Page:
By Jan Foulke

This all-factory-original Kammer & Reinhardt doll from the 1920s stands about 9 inches tall.
This all-factory-original Kammer & Reinhardt doll from the 1920s stands about 9 inches tall.

Q: My grandmother left this little doll. We would like to know something about it. I was told to look on the back of the head for information. It is incised with a “K” and “R” on each side of a six-pointed star, the letters “S&H,” and the number 23. Can you tell me anything about her? Does she have any value?

A: You have a genuine antique doll with a bisque head and a composition body produced during the 1920s by the Kammer & Reinhardt firm located in Waltershausen, Germany. Their trademark is the “K” and “R” on either side of the star. Her head is made of bisque, an unglazed porcelain. Typical of this period, the head features glass sleeping eyes and an open mouth with teeth. She still retains her original brown mohair wig styled in a short bob popular in the 1920s. Her ribbon hair bow also looks original.

Closeup of all-factory-original Kammer & Reinhardt doll from the 1920s.

K&R was a doll factory but not a porcelain factory; they did not make their own heads. In 1902, K&R made a deal with the Simon & Halbig porcelain factory to produce heads for K&R; hence the initials S&H on your doll’s head. It is not known what porcelain factory made K&R heads previous to that time. Very few doll companies had their own porcelain factories, so it was common practice to have heads made by an outside source.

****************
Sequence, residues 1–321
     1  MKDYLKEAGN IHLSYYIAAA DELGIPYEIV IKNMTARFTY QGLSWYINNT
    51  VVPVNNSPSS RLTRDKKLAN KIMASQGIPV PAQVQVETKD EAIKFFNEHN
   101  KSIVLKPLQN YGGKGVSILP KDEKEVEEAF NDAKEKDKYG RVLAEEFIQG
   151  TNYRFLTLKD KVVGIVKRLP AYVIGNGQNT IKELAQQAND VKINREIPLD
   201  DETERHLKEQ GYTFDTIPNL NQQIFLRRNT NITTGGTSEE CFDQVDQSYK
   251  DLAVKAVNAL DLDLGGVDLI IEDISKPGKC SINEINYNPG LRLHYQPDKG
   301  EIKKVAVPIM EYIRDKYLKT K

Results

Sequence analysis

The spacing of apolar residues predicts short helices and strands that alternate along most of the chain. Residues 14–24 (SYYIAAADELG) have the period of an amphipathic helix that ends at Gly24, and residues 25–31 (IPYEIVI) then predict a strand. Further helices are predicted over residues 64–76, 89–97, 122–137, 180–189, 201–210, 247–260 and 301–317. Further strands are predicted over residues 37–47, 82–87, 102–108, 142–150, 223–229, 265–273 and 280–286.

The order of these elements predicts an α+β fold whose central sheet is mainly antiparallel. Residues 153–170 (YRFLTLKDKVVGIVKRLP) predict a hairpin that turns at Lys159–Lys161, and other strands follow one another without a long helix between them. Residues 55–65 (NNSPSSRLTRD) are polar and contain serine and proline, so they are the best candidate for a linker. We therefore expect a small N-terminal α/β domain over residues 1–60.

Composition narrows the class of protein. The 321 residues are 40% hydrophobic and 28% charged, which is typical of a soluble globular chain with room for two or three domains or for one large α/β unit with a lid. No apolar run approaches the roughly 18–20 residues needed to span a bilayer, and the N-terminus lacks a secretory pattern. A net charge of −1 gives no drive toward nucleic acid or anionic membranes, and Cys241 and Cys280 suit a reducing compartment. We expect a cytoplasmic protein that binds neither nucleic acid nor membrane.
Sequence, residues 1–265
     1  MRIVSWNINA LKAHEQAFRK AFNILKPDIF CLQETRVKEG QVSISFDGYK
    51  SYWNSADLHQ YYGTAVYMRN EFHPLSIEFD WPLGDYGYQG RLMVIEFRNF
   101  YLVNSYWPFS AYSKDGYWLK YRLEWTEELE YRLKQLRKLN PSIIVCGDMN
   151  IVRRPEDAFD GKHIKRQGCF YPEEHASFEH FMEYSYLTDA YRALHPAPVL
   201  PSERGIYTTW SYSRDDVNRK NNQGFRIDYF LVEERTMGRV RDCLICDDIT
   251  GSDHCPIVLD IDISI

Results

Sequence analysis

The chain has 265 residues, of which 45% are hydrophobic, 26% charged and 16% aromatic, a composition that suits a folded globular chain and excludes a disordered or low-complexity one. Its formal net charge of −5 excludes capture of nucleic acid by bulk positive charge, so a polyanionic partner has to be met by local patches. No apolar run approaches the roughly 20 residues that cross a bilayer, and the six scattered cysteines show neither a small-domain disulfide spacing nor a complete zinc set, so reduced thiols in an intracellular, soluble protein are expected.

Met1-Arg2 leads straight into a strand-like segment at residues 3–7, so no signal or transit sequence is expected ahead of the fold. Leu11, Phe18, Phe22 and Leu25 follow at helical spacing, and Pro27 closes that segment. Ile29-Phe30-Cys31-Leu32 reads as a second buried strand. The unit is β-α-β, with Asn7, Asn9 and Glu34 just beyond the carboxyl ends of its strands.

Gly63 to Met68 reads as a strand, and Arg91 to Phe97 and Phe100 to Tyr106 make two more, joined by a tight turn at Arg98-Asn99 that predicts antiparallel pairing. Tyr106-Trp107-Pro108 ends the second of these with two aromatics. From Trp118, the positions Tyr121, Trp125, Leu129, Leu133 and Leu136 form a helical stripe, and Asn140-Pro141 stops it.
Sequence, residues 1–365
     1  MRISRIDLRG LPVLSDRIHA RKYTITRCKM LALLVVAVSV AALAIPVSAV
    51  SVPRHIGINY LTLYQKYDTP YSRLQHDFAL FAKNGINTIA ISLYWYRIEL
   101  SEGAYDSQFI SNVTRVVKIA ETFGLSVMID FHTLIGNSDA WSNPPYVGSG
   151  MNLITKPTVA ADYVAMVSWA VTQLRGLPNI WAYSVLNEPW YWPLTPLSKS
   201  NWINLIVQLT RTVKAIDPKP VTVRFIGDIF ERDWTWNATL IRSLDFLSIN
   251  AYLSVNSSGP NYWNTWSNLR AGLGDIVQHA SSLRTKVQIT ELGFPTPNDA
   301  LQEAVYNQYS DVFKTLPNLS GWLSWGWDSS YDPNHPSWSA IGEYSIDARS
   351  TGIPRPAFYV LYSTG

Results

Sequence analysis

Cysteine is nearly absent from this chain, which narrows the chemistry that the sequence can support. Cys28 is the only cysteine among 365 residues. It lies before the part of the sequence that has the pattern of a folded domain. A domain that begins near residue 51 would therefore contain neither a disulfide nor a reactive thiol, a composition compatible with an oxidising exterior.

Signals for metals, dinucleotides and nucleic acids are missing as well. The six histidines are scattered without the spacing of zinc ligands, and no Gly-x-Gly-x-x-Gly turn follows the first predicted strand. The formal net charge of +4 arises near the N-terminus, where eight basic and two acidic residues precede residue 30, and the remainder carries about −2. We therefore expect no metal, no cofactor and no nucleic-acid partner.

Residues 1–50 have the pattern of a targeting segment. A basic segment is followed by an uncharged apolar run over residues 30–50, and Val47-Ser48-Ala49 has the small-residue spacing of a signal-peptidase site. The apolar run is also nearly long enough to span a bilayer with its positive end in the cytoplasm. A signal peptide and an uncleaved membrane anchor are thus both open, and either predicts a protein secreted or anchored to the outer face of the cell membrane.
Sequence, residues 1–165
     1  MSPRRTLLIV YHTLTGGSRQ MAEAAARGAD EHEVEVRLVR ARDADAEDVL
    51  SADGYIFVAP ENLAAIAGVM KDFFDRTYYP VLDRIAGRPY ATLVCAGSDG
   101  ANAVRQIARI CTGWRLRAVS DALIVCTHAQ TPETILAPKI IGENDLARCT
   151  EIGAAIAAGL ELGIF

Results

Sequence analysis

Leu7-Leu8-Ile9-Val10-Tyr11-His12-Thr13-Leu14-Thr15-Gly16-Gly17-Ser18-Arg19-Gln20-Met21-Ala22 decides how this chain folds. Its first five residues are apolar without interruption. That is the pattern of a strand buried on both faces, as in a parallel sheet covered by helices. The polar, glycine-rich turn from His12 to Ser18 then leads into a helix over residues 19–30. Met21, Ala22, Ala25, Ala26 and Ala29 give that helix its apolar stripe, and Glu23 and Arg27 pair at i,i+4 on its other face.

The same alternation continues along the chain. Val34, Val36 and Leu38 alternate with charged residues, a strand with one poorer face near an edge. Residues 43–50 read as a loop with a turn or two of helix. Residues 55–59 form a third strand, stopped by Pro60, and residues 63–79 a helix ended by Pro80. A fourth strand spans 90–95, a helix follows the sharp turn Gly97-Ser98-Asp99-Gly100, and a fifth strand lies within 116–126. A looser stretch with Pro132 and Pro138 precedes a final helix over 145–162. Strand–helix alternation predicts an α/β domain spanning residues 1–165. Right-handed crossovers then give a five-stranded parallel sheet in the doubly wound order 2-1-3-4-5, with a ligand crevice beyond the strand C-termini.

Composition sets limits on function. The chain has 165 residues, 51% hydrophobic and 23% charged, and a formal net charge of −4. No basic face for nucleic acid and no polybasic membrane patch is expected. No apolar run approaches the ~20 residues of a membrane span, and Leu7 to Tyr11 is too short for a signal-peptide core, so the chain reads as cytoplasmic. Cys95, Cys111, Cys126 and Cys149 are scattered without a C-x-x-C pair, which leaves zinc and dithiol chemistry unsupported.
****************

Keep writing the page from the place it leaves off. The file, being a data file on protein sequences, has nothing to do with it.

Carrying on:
K&R started business in 1886. It produced quality products and soon grew into a substantial factory complex with multiple buildings, both large and small. It developed an excellent reputation worldwide for producing fine dolls. In addition to workers in the factory, there were as many people, sometimes whole families, who worked in their homes on doll parts and accessories such as eyes, wigs, clothing, and shoes.

K&R was foremost in improving their doll heads and bodies. Over the years they registered numerous patents. They added sleeping eyes, real eyelashes, and made many changes in their jointed composition bodies to improve the joints and allow better and more natural movements and manipulation of the parts.

As to the number 23 on your doll’s head, that is the height of the doll in centimeters. I’m often asked about this number in relation to bisque dolls — many collectors assume it is a mold number and want to know why they can’t find it in my books. The K&R “dolly face” dolls do not usually have a mold number. Sometimes you might find one marked 191, 290, 402, or 403, but generally you find only the centimeter size number, representing the height. There are about 2.5 centimeters to an inch, so your doll marked 23 would be about 9 inches tall. A 50 cm doll would be about 20 inches tall.

Yes, she has value. The fact that she is factory-original adds to her value and makes her a prize for a doll collector. K&R dolls of this size and in perfect condition, all original, retail at doll shows for about $200 to $225. Enjoy your family heirloom!

Jan Foulke is an authority on antique and vintage dolls, with over 40 years of experience in the field. She’s the author of the full-color reference book “Jan Foulke’s Guide to Dolls” and writes the Antique Q&A column in each issue of DOLLS magazine. Send your antique doll questions to Jan Foulke.

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